Correction: A previous version of this brief incorrectly suggested that higher ed institutions at large had low student veteran graduation rates, as opposed to community colleges specifically.
- Community colleges often benefit from GI Bill funding that supports the enrollment of military veterans, but many of those veterans do not graduate from these educational institutions with degrees, according to The Hechinger Report.
- An average of only 15% of full-time student veterans receiving benefits from GI Bill funding graduated from community colleges with a two-year degree in 2014, and part-time graduation was at 7%
— though both were below the national average for non-veterans.
- Information on how student veterans fare in attaining a degree is difficult to know, as four-year universities have stymied attempts from Congress that would force them to reveal how many student veterans enrolling at those universities actually graduated.
Overall, veterans tend to graduate at higher rates than other students. One factor that must be taken into account is that, when a student begins at one school but transfers and completes their degree at another, traditional metrics do not count that degree completion for the initial school.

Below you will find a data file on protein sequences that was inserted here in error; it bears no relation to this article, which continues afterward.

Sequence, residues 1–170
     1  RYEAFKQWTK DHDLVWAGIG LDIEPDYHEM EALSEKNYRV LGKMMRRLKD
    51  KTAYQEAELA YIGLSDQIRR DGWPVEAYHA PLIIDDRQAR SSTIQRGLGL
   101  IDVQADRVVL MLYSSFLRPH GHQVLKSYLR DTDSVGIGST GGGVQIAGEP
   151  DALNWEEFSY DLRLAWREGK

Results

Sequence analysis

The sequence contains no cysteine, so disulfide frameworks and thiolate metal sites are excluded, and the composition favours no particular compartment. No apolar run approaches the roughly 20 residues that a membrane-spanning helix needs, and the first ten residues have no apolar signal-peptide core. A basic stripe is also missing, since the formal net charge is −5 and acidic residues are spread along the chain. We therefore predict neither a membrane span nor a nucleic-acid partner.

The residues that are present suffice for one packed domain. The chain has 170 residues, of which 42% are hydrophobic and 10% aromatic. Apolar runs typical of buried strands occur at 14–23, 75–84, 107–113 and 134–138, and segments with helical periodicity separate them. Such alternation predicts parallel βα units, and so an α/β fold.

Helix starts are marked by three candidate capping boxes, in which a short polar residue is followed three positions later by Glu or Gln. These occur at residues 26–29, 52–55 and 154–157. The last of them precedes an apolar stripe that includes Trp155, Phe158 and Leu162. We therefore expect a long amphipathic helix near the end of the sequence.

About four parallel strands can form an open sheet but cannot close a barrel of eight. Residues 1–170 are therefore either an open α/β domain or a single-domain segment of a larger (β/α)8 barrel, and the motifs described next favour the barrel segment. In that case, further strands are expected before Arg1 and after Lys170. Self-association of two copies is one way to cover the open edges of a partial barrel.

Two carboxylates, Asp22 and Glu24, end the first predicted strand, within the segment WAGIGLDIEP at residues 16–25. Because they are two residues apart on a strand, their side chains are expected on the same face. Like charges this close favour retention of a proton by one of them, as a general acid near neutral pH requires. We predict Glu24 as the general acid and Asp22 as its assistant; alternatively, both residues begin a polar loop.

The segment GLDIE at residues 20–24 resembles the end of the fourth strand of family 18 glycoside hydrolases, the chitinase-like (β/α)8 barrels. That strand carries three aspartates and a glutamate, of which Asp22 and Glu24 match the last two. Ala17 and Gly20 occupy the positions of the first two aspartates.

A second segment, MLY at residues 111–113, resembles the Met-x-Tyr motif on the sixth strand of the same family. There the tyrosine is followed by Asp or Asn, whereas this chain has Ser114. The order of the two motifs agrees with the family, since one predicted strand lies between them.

Student veterans face unique challenges in contrast to their peers at college, from the prospect of being deployed during their educational career to the fact that they are typically outside the traditional age range for an incoming freshman. Also, there can be difficulty in adjusting to the self-determination of campus life after the regimented way of life in the armed services. The responses universities offer must fit students’ needs. For example, a dozen campuses throughout the nation participate each year in the Warrior-Scholar program, which uses military learning models to help teach student veterans about the college process and campus life.
It is uncertain if the new presidential administration will bring a renewed focus to accountability for educational institutions. President Trump has said there will be more focus on veterans in his administration, but these remarks have mostly been made within the context of criticizing the Veterans’ Administration on health care. Trump’s proposed budget could impact higher education institutions, and it remains to be seen how the challenge of veteran education will be handled.
Nonetheless, federal legislators could put more pressure on educational institutions to be forthcoming about the rates of student veterans graduating. Not only is it important to verify and ensure veterans are receiving a beneficial education, but their education is taxpayer-subsidized, offering the U.S. Congress a stronger argument for their role in delivering tougher oversight.